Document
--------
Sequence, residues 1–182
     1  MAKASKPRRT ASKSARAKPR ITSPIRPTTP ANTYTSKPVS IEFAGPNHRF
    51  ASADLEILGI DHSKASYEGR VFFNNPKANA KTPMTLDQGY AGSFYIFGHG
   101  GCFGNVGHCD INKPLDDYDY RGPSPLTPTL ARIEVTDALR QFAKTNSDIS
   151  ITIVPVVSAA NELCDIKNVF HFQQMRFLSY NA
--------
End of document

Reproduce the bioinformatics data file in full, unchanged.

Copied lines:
Sequence, residues 1–182
     1  MAKASKPRRT ASKSARAKPR ITSPIRPTTP ANTYTSKPVS IEFAGPNHRF
    51  ASADLEILGI DHSKASYEGR VFFNNPKANA KTPMTLDQGY AGSFYIFGHG
   101  GCFGNVGHCD INKPLDDYDY RGPSPLTPTL ARIEVTDALR QFAKTNSDIS
   151  ITIVPVVSAA NELCDIKNVF HFQQMRFLSY NA